How not to manage change

by | Last updated Jul 29, 2020 | 0 comments

Change management is seen as a warm and fuzzy ‘thing’ we do to staff to bring them on board with changes introduced to the business. I have heard varied definitions of what it is, including it being ‘training’ – and so as long as staff have attended a training session, it is assumed that they will embrace, adopt and use the changes introduced. In other arenas, change management is about communication, typically sent via e-mail from the project team, HR or the business leader issued at the start of the change, or during the roll-over/go-live of the change. Change management has also been defined as the activities implemented to manage resistance, usually in a reactive manner with resistant groups. In still other arenas, change management is an e-mail on Monday (from the project team) to attend a training on Tuesday for a go-live on Wednesday. That, if anything, is a recipe for significant resistance and project failure.

Organisations need to re-examine their definition of change management, ensuring they see it as a discipline that helps impacted staff and stakeholders embrace, adopt and use the changes introduced in a business to deliver on a particular business outcome. They need to see it as a discipline that leverages tools and processes to ensure staff impacted by changes are provided the requisite support and equipped to make the transition from the old to the new.

Project teams involved in the architecture or design of the change interact with the upcoming change for a longer duration than impacted groups and therefore erroneously assume that impacted teams and functions will understand and embrace the changes in the same way that they do.  What often seems obvious is not so obvious, as I have quickly come to learn and understand.

So how should businesses lead change?

For starters, by ensuring that there is a structured approach in place. This would be an approach that enables the correct identification of impacted staff, functions and other stakeholder groups e.g. customers and suppliers, and an approach that helps the project team correctly determine the degree of impact e.g. to jobs, technology, processes, mind-set and behaviour, and therefore determine what change approach to use.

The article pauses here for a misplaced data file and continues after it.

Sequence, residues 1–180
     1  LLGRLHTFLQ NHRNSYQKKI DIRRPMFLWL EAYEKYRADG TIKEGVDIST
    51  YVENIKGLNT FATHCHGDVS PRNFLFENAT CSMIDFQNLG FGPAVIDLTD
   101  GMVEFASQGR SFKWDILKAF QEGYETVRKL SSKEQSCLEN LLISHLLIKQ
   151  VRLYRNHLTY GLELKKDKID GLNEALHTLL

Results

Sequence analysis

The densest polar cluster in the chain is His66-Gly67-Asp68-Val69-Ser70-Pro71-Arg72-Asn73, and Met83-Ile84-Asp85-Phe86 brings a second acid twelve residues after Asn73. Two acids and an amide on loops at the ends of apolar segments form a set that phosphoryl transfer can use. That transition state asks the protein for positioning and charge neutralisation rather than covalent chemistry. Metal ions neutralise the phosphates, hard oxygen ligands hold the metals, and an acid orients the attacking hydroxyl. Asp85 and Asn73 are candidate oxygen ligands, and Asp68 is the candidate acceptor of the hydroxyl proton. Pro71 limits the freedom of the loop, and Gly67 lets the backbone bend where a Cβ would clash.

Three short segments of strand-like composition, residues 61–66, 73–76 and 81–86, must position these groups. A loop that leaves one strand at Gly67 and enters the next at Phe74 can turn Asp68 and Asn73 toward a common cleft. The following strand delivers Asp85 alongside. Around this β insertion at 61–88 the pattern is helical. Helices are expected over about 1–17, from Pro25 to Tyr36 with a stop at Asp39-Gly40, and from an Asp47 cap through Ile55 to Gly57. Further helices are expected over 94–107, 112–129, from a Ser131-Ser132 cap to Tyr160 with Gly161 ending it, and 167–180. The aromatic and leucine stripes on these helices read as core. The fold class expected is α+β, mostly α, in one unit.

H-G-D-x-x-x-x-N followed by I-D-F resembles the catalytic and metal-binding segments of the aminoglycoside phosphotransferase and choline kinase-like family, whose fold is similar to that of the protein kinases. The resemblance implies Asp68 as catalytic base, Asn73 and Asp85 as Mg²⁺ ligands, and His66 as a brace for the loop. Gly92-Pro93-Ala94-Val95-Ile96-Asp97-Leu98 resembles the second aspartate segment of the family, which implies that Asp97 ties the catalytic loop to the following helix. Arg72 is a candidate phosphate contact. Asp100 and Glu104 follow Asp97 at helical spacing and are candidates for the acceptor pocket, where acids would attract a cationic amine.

Part of the structured change approach involves ensuring that impacted staff and stakeholders are made aware of the change, why it is necessary, and what the change involves using appropriate communication channels. The most effective communication channel is face to face, where staff and, where possible, other impacted stakeholders, have an opportunity for dialogue; for asking questions, seeking clarification, sharing concerns and, importantly, providing input. The importance of the process of keeping impacted staff engaged cannot be underscored enough and there are many avenues to achieve this objective.

A structured change approach should involve well-thought-through avenues to build knowledge and skills required by staff impacted before, during and after the change.

Resistance to change is normal and not a reflection that the change has failed. A sound change approach anticipates the type of resistance that will be experienced and has in place measures and tactics that will be deployed to minimise the resistance.

To make the change stick, reinforcement is critical. An intentional change approach looks at means and ways of ensuring staff do not revert to old ways of working, and do not look for work-arounds or alternatives.


Nyawera Kibuka, Change Advisor and Prosci Advanced Instructor for East Africa @ Cedar Africa Group

Nyawera is passionate about seeing organisations manage change effectively and use that capability as a competitive advantage. Change is not ‘warm and fuzzy’ but requires a structured, intentional approach using the right tools and processes for the desired business results to be realised.


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